Google says that Chrome on Windows zero day combo is operated in the wild


Google warns that two zero day vulnerabilities are actively exploited in attacks against its Chrome web browser running on Microsoft's Windows operating system, and advises users to update their installations as quickly as possible .

Chrome Security Manager Justin Schuh said the current chained exploits were different from previous attacks because they directly targeted Web browser code, not plug-ins.

This meant that, unless users manually restart their browsers after they were updated, they could still remain vulnerable.

The last 0 days have targeted Chrome using Flash as the first exploit of the chain. Since Flash is a plug-in component, we could update it separately, and once updated, Chrome would switch to silent mode on Flash, without restarting the browser or user intervention. [2/3]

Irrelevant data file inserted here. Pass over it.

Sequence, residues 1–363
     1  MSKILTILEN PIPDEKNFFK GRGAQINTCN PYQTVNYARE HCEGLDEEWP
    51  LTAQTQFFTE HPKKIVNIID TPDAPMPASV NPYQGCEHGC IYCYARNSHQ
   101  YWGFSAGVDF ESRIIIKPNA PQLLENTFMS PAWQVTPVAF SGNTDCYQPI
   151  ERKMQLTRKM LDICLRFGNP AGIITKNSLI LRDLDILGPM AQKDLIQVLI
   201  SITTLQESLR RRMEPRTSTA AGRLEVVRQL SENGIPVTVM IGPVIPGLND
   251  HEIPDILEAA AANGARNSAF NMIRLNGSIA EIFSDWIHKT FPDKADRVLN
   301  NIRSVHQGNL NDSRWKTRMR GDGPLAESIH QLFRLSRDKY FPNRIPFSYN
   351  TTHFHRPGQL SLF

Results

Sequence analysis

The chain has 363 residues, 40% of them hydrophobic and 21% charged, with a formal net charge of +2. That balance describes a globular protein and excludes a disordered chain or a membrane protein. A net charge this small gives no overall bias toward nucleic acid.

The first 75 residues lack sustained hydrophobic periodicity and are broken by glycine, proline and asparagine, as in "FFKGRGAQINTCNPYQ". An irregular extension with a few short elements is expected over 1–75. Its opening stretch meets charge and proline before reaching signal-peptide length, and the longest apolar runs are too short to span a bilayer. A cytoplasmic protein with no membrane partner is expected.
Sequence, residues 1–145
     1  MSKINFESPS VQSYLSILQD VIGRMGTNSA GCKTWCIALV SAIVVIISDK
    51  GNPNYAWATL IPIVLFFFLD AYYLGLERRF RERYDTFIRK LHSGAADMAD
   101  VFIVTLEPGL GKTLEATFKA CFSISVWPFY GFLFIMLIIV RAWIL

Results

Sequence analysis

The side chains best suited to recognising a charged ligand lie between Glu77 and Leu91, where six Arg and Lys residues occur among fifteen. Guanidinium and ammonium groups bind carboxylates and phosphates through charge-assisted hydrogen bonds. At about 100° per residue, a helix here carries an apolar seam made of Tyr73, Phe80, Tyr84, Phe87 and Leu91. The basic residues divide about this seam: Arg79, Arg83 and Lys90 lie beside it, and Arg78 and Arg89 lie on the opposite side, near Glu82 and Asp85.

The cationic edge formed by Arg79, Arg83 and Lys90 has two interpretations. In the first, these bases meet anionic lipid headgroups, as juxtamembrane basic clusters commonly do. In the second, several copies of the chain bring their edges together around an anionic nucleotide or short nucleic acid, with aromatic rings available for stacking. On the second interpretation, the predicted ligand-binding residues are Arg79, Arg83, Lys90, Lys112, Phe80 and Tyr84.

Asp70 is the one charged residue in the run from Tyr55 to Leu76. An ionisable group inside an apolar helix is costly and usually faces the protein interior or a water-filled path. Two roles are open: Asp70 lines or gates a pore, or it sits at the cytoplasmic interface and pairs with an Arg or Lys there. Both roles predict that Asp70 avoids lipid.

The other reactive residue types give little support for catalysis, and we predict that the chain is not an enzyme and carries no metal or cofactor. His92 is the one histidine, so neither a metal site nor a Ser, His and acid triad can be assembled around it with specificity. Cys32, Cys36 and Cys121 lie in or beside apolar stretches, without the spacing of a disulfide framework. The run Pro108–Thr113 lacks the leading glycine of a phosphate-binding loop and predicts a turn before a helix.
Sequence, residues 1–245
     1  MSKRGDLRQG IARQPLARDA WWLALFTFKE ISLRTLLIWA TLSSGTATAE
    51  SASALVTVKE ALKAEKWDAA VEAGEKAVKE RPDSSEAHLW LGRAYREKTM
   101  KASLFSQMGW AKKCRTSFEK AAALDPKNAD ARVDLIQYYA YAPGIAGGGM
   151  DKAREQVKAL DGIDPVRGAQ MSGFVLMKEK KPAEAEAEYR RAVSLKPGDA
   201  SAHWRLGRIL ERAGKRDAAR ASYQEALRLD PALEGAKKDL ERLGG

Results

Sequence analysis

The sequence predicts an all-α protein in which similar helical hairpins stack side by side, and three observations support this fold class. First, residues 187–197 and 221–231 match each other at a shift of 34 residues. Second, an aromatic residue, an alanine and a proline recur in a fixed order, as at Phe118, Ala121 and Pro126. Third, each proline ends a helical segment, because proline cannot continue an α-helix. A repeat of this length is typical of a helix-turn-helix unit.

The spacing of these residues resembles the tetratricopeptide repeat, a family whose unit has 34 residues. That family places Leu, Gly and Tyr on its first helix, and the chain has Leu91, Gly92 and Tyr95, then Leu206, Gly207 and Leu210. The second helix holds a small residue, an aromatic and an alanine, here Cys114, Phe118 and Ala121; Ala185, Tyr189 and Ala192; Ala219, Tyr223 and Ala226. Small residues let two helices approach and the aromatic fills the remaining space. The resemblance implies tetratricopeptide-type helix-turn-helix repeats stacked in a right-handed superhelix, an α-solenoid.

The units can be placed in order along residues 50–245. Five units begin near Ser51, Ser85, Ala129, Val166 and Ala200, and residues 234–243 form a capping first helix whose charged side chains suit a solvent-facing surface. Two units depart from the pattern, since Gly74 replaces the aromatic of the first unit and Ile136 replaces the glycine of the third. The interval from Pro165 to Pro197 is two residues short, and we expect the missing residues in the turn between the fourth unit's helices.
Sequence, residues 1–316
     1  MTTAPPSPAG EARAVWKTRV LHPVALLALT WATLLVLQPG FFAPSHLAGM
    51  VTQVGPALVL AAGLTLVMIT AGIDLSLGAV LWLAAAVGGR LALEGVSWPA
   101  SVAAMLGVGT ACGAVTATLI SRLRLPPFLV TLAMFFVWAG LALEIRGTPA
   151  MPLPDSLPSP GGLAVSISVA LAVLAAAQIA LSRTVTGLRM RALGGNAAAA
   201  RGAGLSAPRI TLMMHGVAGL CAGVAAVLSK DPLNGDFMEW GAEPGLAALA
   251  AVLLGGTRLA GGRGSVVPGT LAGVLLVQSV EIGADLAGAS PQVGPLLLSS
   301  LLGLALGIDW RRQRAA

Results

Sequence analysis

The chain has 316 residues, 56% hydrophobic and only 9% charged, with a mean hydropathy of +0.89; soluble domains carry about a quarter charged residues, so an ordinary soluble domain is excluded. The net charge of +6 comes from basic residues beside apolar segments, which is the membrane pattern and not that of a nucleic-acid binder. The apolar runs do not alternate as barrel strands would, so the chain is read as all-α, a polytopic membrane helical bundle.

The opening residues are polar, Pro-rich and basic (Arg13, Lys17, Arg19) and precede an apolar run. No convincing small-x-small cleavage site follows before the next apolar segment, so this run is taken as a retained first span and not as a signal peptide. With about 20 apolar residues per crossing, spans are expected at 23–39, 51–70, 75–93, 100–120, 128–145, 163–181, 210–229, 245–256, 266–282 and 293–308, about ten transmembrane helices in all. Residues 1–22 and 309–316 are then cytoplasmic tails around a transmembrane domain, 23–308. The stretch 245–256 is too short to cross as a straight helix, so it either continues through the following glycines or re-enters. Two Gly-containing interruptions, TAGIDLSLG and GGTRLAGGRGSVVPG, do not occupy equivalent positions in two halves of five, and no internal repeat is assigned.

– Justin Schuh (@justinschuh) March 7, 2019

The full details of the Chrome Fault CVE-2019-5786 are still implied, but this implies a memory usage after the release of the bug in the programming interface of the FileReader application.

FileReader allows websites to access local files on computers. An undefined usage vulnerability could allow attackers to execute arbitrary code on users' computers.

The second part of the attack chain has a local privilege escalation vulnerability in the Windows kernel driver (win32k.sys).

According to Clement Lecigne of Google's threat analysis group, the vulnerability is a null pointer dereference in win32k! MNgetpItemFromIndex when the system call NtUserMNDragOver () is called in specific circumstances.

This can be used by malicious code to get out of the security sandbox, but Google firmly believes that this vulnerability can only be exploited in Windows 7.

To date, Google has stated that it has seen active exploitation of the flaw against Windows 7 32-bit.

Google has reported the vulnerability to Microsoft working on a fix.

To limit win32k.sys elevation of privilege vulnerability, Google suggests users to consider upgrading to Windows 10 and applying Microsoft patches when they become available.